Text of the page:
• Remove any text on the image and pull the focus to a singular subject, like a person or product.
  • Use motion ads to capture your audience's attention.
  • Experiment with user-generated content.

Language learning app Babbel, for instance, already had a Facebook ad image to work with. But that image was overlaid with text and too zoomed-out for the open web. By simply cropping the visual and removing the text, Babbel was able to run their image in a native ad and generate 100,000 new leads a month.

3. Optimize videos

Video on the open web is a different beast than video on social media. And while it may be tempting to just pluck a Facebook video and place it on a publisher site, there are small post-production edits you can make to generate better results. Use these best practices to prepare for native video campaigns:

  • Open with a logo and include it throughout your video to cement association with your brand. According to a recent study from Kantar and Taboola,native video drove over 5x higher message association lift than other digital channels.
  • Add subtitles for sound-off viewing. On the open web, people are likely to be reading articles and blogs and less ready to turn on sound for videos.
  • Use subtle, slow-paced movements so videos don't look like flashy display ads. Remember that native ads are meant to fit seamlessly into their environments, helping you beat banner blindness.
  • Include a CTA button that inspires users to complete a certain action, like clicking through to your site and checking out relevant content.

Consider global oral hygiene brand, Oral-B. They created a native video ad with slow-moving shots, close-up visuals, a clear logo throughout, and a click worthy CTA. As a result, Oral-B generated 10% higher viewability, a 12% higher completion rate, and a 23% higher CTR.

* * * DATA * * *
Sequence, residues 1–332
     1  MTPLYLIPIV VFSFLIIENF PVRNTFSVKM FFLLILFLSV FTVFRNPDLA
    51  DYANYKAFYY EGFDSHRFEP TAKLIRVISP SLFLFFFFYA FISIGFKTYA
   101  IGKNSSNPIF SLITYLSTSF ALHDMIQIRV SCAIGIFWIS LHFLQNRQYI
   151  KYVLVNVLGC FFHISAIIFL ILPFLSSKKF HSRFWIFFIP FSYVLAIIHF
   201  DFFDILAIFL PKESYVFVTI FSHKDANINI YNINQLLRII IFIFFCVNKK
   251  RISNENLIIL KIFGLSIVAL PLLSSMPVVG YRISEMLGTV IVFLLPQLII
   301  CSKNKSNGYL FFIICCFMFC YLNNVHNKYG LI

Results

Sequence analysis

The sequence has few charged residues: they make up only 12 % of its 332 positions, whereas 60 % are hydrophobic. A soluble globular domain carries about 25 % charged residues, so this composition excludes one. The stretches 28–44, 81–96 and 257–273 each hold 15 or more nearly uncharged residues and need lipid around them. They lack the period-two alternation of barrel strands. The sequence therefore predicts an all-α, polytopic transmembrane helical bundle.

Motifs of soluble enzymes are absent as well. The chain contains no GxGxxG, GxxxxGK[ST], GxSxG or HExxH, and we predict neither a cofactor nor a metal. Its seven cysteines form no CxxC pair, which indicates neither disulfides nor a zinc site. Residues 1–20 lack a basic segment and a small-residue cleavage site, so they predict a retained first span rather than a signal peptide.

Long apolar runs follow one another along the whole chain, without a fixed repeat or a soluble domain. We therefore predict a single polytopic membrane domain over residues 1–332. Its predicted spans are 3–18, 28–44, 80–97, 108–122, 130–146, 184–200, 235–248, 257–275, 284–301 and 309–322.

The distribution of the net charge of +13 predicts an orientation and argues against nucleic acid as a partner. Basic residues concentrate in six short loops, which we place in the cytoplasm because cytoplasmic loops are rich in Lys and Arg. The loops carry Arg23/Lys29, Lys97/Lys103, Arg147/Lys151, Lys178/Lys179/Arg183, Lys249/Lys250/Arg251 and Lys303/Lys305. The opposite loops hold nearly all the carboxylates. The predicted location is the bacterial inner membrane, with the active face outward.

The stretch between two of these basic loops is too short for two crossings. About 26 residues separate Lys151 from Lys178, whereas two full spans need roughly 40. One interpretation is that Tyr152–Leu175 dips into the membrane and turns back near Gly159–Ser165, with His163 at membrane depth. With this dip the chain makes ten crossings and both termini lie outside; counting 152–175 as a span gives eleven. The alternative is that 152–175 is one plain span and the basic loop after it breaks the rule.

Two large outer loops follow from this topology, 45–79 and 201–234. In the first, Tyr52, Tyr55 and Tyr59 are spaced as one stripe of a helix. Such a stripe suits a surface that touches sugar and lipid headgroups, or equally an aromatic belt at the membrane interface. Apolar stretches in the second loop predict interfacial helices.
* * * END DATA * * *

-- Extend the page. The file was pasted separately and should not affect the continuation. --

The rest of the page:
4. Set targeting parameters

Once you've adjusted your creatives, it's easy to target a variety of audiences using native platforms, just like you would on social media. On the open web, for example, you can target:

  • Marketplace audiences: target according to demographics, interests and behaviors.
  • Contextual audiences: deliver ads that match the content people are already consuming. For instance, you might display an ad for athleisure wear at the bottom of a sports-related article.
  • Lookalike audiences: target people who are similar to your loyal customers.
  • Retargeted audiences: reach people who have engaged with your brand but not yet converted.

When you're just getting started, it helps to use broad targeting settings to gather insights and then narrow your focus based on those findings. You can also let your creatives do the targeting. Meaning, you can call out your target audience right in your copy. If targeting entrepreneurs, for example, you might use headline like "Entrepreneurs Love These Work-From-Home Hacks."

5. Measure and optimize

Just like on any other channel, it's important to track results so you can learn which publishers, audiences, and creatives deliver the best performance. With this data, you can optimize your campaigns to meet key business goals and maximize ROI.

Unlock the power of native advertising

Building your first native advertising campaign doesn't have to be a struggle. It's relatively simple to adapt existing social creatives for native ads and test your performance on a new channel.

In fact, native advertising is already proven to deliver greater results than social channels. Recent studies from Kantar and Taboola show that native ads boost mid-funnel KPIs like consideration and outperform social media in improving metrics like brand awareness and favorability.

Now, you can use the resources you already have to start driving these results for your brand and harness the many benefits of native advertising.